Rated PG. Contains anthropomorphization, fish, and stars.
On the Banks of the River of Heaven
by Richard Parks
On the seventh day of the seventh month as it had for the previous two years, it rained. And it rained. The cranes still came at Kaiboshi’s bidding to stand by the shore and form the base of the bridge. Next came the geese and the ducks and other waterfowl, who fared well enough creating the platform and first few degrees of arc for the bridge. After that, however, came the hawks and crows and sparrows and smaller birds, and the rain beat down on them incessantly, and their wings became sodden and would no longer support them and a bridge, too. The cranes held on gamely as the river swelled into flood, but their skinny legs began to tremble. Kaiboshi reluctantly concluded that the enterprise was doomed, and he dismissed the birds with thanks rather than risk seeing them fall in the river after the inevitable collapse.
Three years now the rains had come on the appointed day. For three years the Bridge of Birds that was his only way to cross the Celestial River had been unable to form. Kaiboshi began to wonder if he was cursed, but more he wondered if Asago-hime had started to forget him. He sat down on the banks of the river and let the rising waters chill his feet as he indulged in a bout of melancholy, since he knew of nothing else he could do.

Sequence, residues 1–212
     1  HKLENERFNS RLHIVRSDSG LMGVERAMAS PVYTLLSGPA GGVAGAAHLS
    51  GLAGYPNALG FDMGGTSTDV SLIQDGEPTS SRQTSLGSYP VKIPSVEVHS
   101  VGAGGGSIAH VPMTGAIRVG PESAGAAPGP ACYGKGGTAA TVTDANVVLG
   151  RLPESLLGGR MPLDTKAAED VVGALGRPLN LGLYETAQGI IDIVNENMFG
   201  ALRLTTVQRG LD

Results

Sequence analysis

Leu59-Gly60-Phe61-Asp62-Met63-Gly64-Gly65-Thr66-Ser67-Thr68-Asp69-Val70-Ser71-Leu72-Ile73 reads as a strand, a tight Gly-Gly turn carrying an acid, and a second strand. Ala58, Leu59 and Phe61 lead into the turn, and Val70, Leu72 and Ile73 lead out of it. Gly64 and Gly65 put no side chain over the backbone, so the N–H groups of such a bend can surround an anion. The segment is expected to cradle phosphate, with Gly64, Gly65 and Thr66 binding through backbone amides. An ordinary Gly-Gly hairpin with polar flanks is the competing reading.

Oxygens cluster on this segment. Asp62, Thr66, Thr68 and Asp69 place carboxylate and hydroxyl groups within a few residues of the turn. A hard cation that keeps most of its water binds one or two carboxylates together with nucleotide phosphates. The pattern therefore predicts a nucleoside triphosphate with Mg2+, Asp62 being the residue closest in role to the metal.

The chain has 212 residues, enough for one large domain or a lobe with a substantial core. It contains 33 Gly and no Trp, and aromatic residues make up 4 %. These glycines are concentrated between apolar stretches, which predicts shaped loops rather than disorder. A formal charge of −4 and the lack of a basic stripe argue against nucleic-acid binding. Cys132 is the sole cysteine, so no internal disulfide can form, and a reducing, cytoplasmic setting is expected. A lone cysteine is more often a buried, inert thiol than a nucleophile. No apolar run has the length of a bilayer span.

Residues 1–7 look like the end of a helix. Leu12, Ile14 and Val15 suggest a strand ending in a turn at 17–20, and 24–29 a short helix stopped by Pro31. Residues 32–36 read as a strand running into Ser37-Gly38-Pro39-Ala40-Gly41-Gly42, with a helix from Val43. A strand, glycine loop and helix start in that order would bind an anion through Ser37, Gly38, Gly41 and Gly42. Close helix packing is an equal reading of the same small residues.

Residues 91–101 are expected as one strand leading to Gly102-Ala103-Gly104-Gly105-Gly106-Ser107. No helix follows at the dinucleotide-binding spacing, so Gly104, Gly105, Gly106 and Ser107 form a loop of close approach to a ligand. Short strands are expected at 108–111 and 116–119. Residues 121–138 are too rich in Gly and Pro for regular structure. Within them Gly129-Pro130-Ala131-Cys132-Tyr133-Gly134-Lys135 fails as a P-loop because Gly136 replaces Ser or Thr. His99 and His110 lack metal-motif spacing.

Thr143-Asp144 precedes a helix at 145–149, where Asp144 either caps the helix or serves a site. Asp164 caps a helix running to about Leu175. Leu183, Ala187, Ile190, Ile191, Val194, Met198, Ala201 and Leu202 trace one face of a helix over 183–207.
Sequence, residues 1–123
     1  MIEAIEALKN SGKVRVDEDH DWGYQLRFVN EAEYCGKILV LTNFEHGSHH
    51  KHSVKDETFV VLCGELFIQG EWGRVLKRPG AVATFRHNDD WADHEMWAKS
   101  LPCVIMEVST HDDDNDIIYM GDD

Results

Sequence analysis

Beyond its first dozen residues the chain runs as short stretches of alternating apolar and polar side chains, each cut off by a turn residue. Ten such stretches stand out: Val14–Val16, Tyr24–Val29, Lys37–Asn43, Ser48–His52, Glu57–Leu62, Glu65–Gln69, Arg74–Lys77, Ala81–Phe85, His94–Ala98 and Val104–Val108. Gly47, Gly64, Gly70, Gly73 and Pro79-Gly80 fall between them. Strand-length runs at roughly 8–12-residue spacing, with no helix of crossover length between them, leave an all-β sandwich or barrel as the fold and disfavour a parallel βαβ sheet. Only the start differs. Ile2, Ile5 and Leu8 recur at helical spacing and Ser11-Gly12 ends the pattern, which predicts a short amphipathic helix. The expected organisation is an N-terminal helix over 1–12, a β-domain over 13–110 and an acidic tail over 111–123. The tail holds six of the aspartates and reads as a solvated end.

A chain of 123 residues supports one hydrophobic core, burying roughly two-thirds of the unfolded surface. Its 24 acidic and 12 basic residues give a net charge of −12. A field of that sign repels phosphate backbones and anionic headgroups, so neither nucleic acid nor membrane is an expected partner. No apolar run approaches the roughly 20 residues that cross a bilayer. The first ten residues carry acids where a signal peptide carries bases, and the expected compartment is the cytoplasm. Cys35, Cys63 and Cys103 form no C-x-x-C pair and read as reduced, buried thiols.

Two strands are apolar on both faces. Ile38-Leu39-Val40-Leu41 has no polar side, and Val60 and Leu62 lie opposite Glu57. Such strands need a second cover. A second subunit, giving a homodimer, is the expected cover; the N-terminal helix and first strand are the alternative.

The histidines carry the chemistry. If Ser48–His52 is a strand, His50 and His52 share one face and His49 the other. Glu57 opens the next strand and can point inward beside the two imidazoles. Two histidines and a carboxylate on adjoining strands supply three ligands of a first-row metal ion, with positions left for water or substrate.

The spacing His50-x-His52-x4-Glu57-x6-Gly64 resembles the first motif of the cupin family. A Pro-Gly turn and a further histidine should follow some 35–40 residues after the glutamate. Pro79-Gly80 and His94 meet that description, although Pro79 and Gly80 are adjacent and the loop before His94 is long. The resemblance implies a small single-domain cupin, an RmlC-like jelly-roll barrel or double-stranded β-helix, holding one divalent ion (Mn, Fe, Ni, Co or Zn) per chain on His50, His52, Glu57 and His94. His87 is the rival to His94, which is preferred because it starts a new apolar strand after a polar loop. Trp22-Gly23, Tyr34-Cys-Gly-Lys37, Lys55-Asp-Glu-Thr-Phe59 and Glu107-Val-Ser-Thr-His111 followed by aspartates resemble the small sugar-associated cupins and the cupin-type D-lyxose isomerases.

“Three years is a long time to be apart from the one you love,” he said aloud. “Even for an immortal.”
About the Author
Richard Parks’ stories have appeared in Asimov’s SF, Realms of Fantasy, Fantasy Magazine,, Weird Tales, Beneath Ceaseless Skies, and numerous anthologies, including several Year’s Bests. He is the author of the Yamada Monogatari series from Prime Books and The Laws of Power series from Canemill Publishing. His work has been nominated for both the World Fantasy Award and the Mythopoeic Fantasy Award for Adult Literature. An ex-pat Mississippian now living in central New York with his wife and a varying number of cats, he plays guitar (badly) and collects Japanese Shin Hanga woodblock prints in whatever time he has left.
About the Narrator
Cartoonist Barry Deutsch lives in Portland, Oregon, in a bright blue house with bubble-gum pink trim. His 2010 graphic novel Hereville: How Mirka Got Her Sword was the first graphic novel to win the prestigious Sydney Taylor Award, and was also nominated for Eisner, Harvey, Ignatz, and Nebula awards. His second Hereville graphic novel, Hereville: How Mirka Met a Meteorite, won the Oregon Book Award. The third Hereville book, Hereville: How Mirka Caught A Fish, was released in late 2015.